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I know that is a beginner's question. I'm new to java and and also to programming in general.

Say I got a class that has only static data, example:

class Foo {
private static int x;  }

I want to use the class without instantiating any object. So I want to be able to do:


What is the best way to implement this class, I'm a little bit confused about interfaces and other stuff for now.


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up vote 3 down vote accepted

Why don't you just define two static methods that modify/return the static field?

Static Methods in Java

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Because I said before: "I want to use the class without instantiating any object" – m4design Oct 19 '10 at 9:25
When you define a static method, you don't have to instantiate the class to access the method. You just write Foo.GetX(). – testalino Oct 19 '10 at 9:31
@m4design: I edited my answer. Please read this article to get an overview. – testalino Oct 19 '10 at 9:37

I think a Singleton is what your looking for:

The singleton class:

public class Singleton {

    private static final Singleton INSTANCE = new Singleton();

    private int x;

    // Private constructor prevents instantiation from other classes
    private Singleton() {

    public static Singleton getInstance() {
        return INSTANCE;

    public int getX() {
        return x;

    public void setX(int x) {
        this.x = x;


And to access from anywhere in your code :

int x = Singleton.getInstance().getX();
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@sbi 100% agree, singletons are evil ! – Alois Cochard Oct 19 '10 at 9:29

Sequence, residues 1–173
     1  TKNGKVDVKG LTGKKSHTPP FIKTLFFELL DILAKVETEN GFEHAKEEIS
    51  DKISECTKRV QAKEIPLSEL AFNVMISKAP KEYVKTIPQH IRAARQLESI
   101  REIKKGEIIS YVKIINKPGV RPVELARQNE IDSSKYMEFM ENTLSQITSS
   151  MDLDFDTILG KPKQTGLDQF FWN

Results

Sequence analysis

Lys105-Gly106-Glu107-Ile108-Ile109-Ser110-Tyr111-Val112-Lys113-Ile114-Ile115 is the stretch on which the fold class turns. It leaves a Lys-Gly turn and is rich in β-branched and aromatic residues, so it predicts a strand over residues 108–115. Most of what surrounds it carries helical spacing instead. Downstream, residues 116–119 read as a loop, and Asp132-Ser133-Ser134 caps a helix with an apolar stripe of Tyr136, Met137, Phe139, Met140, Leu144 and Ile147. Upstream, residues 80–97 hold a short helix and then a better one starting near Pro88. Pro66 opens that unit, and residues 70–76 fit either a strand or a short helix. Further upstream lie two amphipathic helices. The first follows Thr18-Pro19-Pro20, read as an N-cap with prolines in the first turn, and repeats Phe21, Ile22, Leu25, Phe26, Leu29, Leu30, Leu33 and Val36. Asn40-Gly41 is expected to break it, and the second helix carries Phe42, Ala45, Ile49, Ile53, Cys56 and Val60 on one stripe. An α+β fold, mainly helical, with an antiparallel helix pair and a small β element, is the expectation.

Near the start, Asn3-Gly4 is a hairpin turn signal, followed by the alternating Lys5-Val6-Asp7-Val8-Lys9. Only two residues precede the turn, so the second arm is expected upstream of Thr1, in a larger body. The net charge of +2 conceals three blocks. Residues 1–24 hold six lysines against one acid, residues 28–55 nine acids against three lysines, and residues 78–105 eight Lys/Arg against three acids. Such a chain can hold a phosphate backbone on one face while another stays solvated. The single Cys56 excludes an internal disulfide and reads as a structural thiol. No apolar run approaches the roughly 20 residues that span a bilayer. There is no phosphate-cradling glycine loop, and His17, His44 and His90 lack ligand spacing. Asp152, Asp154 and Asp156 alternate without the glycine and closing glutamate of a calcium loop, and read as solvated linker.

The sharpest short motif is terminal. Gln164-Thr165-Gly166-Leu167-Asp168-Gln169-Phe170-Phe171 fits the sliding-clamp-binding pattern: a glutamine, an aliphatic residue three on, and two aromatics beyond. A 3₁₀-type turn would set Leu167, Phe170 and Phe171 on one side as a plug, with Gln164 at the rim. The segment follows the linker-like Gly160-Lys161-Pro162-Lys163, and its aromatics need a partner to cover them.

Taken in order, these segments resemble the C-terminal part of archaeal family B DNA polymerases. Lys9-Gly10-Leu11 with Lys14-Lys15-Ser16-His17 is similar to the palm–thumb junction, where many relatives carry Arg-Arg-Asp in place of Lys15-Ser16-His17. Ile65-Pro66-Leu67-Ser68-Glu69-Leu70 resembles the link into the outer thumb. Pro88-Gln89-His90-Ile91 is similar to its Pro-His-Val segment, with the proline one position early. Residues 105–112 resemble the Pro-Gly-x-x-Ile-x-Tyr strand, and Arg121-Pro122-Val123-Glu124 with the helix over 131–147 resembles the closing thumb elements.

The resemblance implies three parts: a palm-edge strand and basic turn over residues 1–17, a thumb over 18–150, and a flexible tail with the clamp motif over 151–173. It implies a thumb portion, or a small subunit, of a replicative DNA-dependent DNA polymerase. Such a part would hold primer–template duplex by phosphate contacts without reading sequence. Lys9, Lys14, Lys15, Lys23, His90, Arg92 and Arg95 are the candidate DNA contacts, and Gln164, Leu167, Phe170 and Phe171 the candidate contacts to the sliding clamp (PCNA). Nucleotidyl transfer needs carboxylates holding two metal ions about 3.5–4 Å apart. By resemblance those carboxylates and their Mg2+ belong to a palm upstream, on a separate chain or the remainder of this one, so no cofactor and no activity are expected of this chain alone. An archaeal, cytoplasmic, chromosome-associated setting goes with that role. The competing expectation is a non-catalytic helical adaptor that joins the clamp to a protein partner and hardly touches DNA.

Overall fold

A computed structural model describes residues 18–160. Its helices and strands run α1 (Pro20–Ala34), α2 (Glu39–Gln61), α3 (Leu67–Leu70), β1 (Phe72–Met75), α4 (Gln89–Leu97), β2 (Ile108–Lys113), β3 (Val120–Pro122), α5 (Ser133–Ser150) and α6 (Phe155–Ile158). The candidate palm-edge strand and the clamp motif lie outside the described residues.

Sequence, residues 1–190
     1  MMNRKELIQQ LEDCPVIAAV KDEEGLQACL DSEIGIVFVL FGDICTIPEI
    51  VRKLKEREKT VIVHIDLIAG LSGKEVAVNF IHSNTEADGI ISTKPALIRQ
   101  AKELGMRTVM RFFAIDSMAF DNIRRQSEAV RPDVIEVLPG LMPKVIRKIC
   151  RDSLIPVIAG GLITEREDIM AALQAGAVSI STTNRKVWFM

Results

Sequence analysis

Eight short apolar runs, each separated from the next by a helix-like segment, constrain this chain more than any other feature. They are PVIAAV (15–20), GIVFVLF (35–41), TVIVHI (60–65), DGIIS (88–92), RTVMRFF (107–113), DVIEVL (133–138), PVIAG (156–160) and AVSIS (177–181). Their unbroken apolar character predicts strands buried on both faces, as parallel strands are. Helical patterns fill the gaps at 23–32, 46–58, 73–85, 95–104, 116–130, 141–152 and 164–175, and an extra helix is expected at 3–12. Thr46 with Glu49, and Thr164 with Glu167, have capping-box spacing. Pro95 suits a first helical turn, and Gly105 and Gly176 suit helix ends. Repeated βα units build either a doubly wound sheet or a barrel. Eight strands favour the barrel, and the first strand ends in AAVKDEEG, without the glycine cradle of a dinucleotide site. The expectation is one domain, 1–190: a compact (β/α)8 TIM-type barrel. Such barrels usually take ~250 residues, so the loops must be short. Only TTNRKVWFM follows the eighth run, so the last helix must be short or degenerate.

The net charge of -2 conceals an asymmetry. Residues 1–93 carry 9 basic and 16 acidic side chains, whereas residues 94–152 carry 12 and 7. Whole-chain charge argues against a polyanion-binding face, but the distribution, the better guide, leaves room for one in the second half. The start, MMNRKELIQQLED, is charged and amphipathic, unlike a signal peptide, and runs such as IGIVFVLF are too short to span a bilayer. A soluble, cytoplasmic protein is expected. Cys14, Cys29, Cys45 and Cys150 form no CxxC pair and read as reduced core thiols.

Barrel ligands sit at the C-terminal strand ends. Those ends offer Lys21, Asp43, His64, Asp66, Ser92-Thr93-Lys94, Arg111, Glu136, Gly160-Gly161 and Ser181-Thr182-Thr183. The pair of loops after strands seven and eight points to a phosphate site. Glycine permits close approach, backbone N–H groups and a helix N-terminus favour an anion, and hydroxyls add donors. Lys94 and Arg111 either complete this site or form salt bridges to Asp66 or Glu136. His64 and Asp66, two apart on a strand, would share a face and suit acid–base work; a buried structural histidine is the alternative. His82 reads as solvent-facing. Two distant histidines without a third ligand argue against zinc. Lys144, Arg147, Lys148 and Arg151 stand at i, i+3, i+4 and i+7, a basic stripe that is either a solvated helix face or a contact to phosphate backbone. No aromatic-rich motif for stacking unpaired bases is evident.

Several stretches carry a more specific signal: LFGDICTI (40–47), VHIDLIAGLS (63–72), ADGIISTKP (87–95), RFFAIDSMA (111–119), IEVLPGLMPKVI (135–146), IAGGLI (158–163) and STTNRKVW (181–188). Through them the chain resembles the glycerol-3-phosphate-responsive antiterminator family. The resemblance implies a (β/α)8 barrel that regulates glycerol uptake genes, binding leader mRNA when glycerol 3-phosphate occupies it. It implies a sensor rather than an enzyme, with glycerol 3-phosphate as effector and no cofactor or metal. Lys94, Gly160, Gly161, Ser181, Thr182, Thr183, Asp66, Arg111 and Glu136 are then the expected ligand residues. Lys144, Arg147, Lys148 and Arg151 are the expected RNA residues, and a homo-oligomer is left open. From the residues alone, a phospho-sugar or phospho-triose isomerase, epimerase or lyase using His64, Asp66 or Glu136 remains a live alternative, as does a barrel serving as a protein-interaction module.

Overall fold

If it is evil, is there a better design? Or should I change my design of solving my problem? – m4design Oct 19 '10 at 9:36
Would be good to see the whole code to give you advice. But I feel that dependency injection would prevent you using singleton ... just a feeling ;-) en.wikipedia.org/wiki/Dependency_injection – Alois Cochard Oct 19 '10 at 9:38
BTW, this can be a whole different question if you want detailed answers on SO ... – Alois Cochard Oct 19 '10 at 9:39

You can just define getX and setX methods as static:

class Foo
    private static int x; 

    public static int getX()
        return x;

    public static void setX(int x)
        Foo.x = x;

Then you can use this without instantiating any object:

int val = Foo.getX();

As others have suggested, a Singleton is a cleaner approach, although it will not meet your requirement of not instantiating any object.


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I think this this may work in C++ but not in Java (if someone can conform). I tried this in Java and it tells me that (non-static cannot be referenced from a static context). even thought x is actually static !! – m4design Oct 19 '10 at 9:28
That work in Java, just try ! you will see ! ... btw I recommend singleton against, think twice before impl., and are you sure you need static at all ? – Alois Cochard Oct 19 '10 at 9:31
There is a fault. this.x = x; won't work. It has to be Foo.x = x; – tkr Oct 19 '10 at 9:37
But if you need state, you should really create an object. What is wrong with Foo foo = new Foo(); foo.setX(1); – tkr Oct 19 '10 at 9:45
@tkr: You are correct, it's fixed now. Thanks! – Grodriguez Oct 19 '10 at 9:49

You can always have static public methods Get and Set to do what you want. But have a look again, Singleton Pattern may be what you want.

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